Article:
I recently saw the following headline and article tagged in a social media post: “Cincinnati church wipes out $46.5 million in medical debt for 45,000 families.” Perhaps more interesting to me was the accompanying post, which was simply “We could do this. But would we?”
Think about it. What should we be doing? And why aren’t we doing it?
This has implications in our personal lives and for the Church as a whole. Sure, it would be easy to simply ask the question, “Why doesn’t my church do something like this?” or “Why are we spending large amounts of money on impressive churches or impressive icons or impressive liturgical items?” And those are questions that our leaders must be willing to ask and answer. But for us, something else is at the heart of the matter.
Take a moment and think about the past day, week, even year. How much time, energy, and talent was spent with an inward focus looking for or achieving an inward result? Would I summarize my actions, what I actually do, as primarily self-fulfilling or self-emptying? And, if I call myself a Christian, are my actions aligned with what Christ taught and did?
I don’t know the specifics about this Cincinnati church and what they were able to do. It’s not for me to analyze or judge. I do know that there are people in need. Financial need, emotional need, medical need, hunger, alone, unloved, uncared for, and the list goes on. What strikes me is that I spend most of my time and days ensuring that the needs above are taken care of for myself. How much time will I spend ensuring that they’re taken care of for others?
How shall I live?
Dn. Marek Simon
Dn. Marek is the Executive Director of Orthodox Christian Fellowship. He is passionate about serving and mentoring young people, helping them explore their faith, and growing the ministry of OCF so that all college students have the opportunity to participate. Dn. Marek lives in the Nashville area with his wife and two children.
Being a college student is not an easy feat: It’s a balancing act on a tightrope. You have to balance classes, friends, family, extracurriculars, and church into a minuscule 24 hours. But, this is your time you get to balance it all on your own and you owe it to yourself to do a great job.
You have the ‘nutrients’ and ‘soil’ you need from home, which allowed you to start growing, now that you are in a new ‘pot’ you can more fully grow into who you are as a person.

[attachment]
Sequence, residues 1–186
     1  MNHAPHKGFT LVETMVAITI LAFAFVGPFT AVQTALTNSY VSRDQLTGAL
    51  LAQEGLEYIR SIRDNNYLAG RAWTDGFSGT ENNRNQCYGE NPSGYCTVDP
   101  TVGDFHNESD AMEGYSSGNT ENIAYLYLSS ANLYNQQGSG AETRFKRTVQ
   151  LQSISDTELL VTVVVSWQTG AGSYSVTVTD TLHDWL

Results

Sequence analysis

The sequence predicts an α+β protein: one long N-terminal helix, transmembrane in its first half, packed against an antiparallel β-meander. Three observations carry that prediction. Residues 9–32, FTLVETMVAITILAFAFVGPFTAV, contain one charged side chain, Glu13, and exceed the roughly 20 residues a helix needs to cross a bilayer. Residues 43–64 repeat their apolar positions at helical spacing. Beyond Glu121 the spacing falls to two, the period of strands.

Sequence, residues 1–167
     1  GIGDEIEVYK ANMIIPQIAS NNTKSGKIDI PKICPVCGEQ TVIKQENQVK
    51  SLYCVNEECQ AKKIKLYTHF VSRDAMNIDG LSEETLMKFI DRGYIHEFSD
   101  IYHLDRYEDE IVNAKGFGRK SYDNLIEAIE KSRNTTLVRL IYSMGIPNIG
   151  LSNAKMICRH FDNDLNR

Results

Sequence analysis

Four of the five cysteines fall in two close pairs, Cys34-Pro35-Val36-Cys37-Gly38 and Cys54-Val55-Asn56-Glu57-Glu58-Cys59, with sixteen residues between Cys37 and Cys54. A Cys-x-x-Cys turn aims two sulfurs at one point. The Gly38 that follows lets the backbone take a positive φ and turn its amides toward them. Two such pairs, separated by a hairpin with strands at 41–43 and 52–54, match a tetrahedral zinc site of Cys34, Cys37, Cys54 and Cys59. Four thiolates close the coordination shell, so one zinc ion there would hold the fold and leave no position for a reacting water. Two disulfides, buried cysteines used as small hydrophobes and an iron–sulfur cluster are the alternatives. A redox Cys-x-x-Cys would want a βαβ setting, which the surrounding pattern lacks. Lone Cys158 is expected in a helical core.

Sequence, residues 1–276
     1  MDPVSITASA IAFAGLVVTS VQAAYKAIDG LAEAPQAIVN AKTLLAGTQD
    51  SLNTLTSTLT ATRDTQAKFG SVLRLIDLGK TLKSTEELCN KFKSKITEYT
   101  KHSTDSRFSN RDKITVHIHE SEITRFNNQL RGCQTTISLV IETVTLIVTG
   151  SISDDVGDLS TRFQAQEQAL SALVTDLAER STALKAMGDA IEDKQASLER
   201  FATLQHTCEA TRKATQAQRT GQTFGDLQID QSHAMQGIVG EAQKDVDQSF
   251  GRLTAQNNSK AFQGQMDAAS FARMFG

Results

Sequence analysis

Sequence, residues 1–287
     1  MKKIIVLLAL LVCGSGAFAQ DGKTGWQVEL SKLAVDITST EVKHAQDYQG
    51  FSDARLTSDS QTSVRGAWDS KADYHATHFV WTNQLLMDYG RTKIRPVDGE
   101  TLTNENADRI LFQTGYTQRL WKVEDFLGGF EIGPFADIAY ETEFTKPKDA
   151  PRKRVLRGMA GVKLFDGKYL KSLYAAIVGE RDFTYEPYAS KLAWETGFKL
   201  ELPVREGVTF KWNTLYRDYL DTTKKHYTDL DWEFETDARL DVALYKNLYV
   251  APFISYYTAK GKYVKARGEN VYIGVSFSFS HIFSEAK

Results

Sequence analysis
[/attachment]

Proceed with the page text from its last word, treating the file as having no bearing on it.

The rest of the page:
Let’s continue with a few more common problems freshman students face, and some advice as to how to overcome them. These problems are attributed to mycollegeguide.org.
Problem #3 Financial Issues
College is expensive. Financial issues can be difficult to navigate. Finances are a huge factor when making decisions and choosing where you go to school. It can get stressful but it is something you can work through and overcome to get the education that you want.
Get help if you need it. All schools have a financial aid office, and they are experts in answering any and all of your questions.
Talk to someone. Talk to your parents if you need to help solve something out. The stress associated with financial problems can be really difficult.
Be thankful. Practice gratitude for the things you have. Don’t forget to thank God every day for the blessings you receive! This advice will help change your outlook on life if practiced consistently.
Get a job! Most schools have work-study programs, and a lot of college towns have jobs for students. Just make sure to balance it properly as to not let your grades suffer as a result.
Problem #4 Problems With Choosing Your Major
Choosing your major is a big decision that can help set your path in life. Some people are born knowing what they want to study while for others its a gradual revelation. Your major is a decision that you should take your time with and be sure about, but know that your job and your life after college won’t be limited by the classes you take in college.
Don’t be afraid to explore. Most majors, unless you are in a specific track, have a lot of flexibility that allows you to take classes that you are interested in different.
Think ahead, if you know there is a specific major you want to get into, speak to advisors and take classes related to it so that you don’t have to lose time studying something you don’t want to.
Ask for help. Many saints are patrons of education and in their divine wisdom, they can offer prayers to help you with your decision. Pray to saints like St. Katherine or the Three Hierarchs: St. Basil the Great, St. John Chrysostom and St. Gregory the Theologian. They will help if you ask for it!
Challenges are opportunities for growth! Take stress, channel it and use it to grow. College is a time to learn about yourself and mold yourself into the person you want to become.